Good work, wellbeing and changes in performance outcomes: illustrating the effects of good people management practices with an analysis of the National Health Service

What Works Wellbeing, December 2017

This report illustrates the effect of good people management with an analysis of the National Health Service.  The report found Trusts that made the most extensive use of good people management practices were over three times more likely to have the lowest levels of staff sickness absence and at least four times more likely to have the most satisfied patients. They were also more than twice as likely to have staff with the highest levels of job satisfaction compared to NHS Trusts that made least use of these practices, and over three times more likely to have staff with the highest levels of engagement. No link was found between people management practices and patient mortality.

Click here to view the full report.

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Improving Lives: The Future of Work, Health and Disability

Department of Work and Pensions, December 2017

This paper that establishes how government, employers, charities, healthcare providers and local authorities will work to break down employment barriers for disabled people and people with health conditions over the next ten years. The actions outlined for health services focus on ensuring that health professionals are ready to talk about health barriers to work, timely access to appropriate treatments, and effective occupational health services accessible by all in work.

Click here to view the full report.

Thriving at Work: a review of mental health and employers

Department of Work and Pensions, October 2017

Thriving at Work sets out what employers can do to better support all employees, including those with mental health problems to remain in and thrive through work.

It includes a detailed analysis that explores the significant cost of poor mental health to UK businesses and the economy as a whole. Poor mental health costs employers between £33 billion and £42 billion a year, with an annual cost to the UK economy of between £74 billion and £99 billion.

The review quantifies how investing in supporting mental health at work is good for business and productivity. The most important recommendation is that all employers, regardless of size or industry, should adopt 6 ‘mental health core standards’ that lay basic foundations for an approach to workplace mental health. It also details how large employers and the public sector can develop these standards further through a set of ‘mental health enhanced standards’. The review also makes a series of recommendations to government and other bodies.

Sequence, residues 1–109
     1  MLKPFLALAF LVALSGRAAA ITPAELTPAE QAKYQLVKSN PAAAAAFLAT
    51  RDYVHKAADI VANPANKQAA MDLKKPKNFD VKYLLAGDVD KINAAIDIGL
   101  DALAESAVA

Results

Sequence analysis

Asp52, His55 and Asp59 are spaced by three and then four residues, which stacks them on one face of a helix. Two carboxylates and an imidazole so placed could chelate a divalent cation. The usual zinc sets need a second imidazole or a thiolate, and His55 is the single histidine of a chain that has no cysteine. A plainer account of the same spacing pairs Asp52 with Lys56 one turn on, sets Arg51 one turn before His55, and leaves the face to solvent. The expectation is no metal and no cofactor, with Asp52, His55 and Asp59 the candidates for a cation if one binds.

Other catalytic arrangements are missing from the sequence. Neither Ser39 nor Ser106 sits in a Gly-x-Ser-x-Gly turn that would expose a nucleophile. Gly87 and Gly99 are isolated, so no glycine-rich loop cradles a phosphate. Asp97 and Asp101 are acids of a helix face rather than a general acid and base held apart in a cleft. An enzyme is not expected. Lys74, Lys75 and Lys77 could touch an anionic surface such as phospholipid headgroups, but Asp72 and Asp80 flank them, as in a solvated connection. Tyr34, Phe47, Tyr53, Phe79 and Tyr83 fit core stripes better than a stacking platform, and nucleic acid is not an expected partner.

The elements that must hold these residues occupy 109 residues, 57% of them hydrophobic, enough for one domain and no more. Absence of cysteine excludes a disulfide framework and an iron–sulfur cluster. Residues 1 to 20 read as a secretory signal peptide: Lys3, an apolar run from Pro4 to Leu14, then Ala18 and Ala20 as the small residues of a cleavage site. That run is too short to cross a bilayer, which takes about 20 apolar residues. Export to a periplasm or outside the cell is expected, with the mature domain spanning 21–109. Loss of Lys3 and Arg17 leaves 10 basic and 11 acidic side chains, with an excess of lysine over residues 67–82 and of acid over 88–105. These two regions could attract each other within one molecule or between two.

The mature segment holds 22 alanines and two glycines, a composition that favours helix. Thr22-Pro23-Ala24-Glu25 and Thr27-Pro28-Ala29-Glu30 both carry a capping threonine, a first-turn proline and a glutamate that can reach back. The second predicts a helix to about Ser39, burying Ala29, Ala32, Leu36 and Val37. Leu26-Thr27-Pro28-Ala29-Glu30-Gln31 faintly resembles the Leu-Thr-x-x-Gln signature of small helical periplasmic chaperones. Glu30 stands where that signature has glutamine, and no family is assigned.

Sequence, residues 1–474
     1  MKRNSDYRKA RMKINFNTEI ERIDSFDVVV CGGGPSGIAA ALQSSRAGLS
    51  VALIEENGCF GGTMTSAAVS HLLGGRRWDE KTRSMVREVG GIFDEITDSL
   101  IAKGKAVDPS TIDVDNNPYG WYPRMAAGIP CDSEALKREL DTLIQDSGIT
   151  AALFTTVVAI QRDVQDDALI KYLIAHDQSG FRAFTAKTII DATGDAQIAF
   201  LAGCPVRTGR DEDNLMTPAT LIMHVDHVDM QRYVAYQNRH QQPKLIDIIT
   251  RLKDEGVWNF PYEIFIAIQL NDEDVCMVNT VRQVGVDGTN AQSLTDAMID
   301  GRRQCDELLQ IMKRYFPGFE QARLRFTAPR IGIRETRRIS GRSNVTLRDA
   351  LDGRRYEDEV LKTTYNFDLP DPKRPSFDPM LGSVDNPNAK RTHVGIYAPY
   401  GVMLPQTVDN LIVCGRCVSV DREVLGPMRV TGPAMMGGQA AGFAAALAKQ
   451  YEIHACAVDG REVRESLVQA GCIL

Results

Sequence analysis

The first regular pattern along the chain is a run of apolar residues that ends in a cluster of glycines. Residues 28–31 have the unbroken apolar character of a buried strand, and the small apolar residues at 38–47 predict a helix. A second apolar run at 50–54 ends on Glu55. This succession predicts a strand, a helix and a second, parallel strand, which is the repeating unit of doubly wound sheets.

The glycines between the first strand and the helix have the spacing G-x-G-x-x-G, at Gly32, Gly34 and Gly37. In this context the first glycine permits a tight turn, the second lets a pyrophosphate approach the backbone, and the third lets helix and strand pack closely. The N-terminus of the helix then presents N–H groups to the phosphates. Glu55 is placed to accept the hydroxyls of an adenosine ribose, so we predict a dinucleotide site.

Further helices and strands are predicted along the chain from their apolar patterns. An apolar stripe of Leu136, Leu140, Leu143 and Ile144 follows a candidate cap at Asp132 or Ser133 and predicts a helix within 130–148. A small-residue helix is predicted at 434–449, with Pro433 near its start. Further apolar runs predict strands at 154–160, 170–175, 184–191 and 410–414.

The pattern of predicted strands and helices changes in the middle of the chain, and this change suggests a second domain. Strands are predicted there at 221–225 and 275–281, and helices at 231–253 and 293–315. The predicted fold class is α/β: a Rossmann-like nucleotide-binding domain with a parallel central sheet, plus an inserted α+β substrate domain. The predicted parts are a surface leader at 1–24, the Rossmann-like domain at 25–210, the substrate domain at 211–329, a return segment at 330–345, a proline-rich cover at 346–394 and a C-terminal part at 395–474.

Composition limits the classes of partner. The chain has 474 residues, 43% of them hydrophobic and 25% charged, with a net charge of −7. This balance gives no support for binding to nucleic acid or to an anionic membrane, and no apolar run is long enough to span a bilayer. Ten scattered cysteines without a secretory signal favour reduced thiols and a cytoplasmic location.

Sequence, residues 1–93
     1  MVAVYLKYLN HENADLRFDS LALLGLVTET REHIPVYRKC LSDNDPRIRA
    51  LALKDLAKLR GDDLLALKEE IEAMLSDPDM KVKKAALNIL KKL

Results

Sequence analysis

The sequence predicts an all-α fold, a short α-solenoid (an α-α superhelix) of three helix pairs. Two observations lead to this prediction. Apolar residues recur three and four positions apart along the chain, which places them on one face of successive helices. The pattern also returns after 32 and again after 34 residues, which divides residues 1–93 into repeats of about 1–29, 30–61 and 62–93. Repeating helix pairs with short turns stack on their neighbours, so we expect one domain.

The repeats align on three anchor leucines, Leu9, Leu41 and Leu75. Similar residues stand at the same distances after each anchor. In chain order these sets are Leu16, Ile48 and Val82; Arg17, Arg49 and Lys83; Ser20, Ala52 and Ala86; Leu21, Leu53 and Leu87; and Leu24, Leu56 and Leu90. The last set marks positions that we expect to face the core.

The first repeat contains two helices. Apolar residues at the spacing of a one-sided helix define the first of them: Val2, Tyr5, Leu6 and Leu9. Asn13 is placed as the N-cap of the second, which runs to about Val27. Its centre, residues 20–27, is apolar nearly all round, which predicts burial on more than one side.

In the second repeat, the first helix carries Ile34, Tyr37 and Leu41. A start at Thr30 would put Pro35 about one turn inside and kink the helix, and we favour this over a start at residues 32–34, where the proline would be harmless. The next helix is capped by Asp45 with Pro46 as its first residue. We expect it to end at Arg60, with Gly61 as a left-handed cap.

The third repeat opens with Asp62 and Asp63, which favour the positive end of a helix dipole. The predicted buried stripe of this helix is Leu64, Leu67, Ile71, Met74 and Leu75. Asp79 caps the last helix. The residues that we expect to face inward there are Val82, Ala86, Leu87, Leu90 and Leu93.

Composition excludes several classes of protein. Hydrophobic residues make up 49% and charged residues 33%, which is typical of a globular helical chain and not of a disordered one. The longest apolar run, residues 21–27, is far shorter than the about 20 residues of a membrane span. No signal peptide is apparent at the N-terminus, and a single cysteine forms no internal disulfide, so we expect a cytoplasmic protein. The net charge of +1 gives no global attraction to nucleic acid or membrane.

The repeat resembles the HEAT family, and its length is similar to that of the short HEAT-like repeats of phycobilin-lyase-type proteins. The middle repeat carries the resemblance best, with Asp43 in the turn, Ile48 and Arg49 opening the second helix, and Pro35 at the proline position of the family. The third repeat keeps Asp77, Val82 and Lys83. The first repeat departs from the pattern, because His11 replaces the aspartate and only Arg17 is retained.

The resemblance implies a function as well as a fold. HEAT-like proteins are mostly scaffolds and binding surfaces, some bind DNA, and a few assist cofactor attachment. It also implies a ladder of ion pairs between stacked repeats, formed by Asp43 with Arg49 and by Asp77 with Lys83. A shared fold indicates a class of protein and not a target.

Click here to read the full report.

Struggling to cope: mental health staff and services under pressure

UNISON, October 2017

This report by UNISON suggests that reduced funding to mental health services across the UK is leaving staff vulnerable to violence and aggression from patients, and means they cannot provide the level of care needed.  The report is the result of a survey of over 1,000 mental health employees across the UK, who work in a range of roles – with children and adults in hospitals, in secure units and out in the community.

Click here to view the report.

Mental health at work: the business costs ten years on

Centre for Mental Health, September 2017

This report updates a calculation made ten years ago, when mental health problems in the UK workforce were estimated to cost employers almost £26 billion. It finds that the cost is now £34.9 billion as a result of inflation and a rise in the size of the workforce since 2007. This means that mental health problems cost £1,300 for every employee in the UK economy.  The report finds that by far the largest part of the business cost is in the form of reduced productivity among people who are at work but unwell: or ‘presenteeism’. This costs businesses twice as much as sickness absence relating to poor mental health. The remainder of the cost relates to turnover – people leaving their jobs as a result of poor mental health.

Click here to read the full report.

Employment and Mental Health

Royal College of Psychiatrists, April 2017

The Royal College of Psychiatrists has for many years highlighted the importance of mental health and employment.

UK national policy is paying increasing attention to health, mental health and employment. Responding to a growing number of national policies and initiatives, the College has enhanced its coverage of relevant concerns of social psychiatry, mental health and employment.

This report outlines the main priorities and activities of the College in the area of mental health and employment.

Click here to view the report.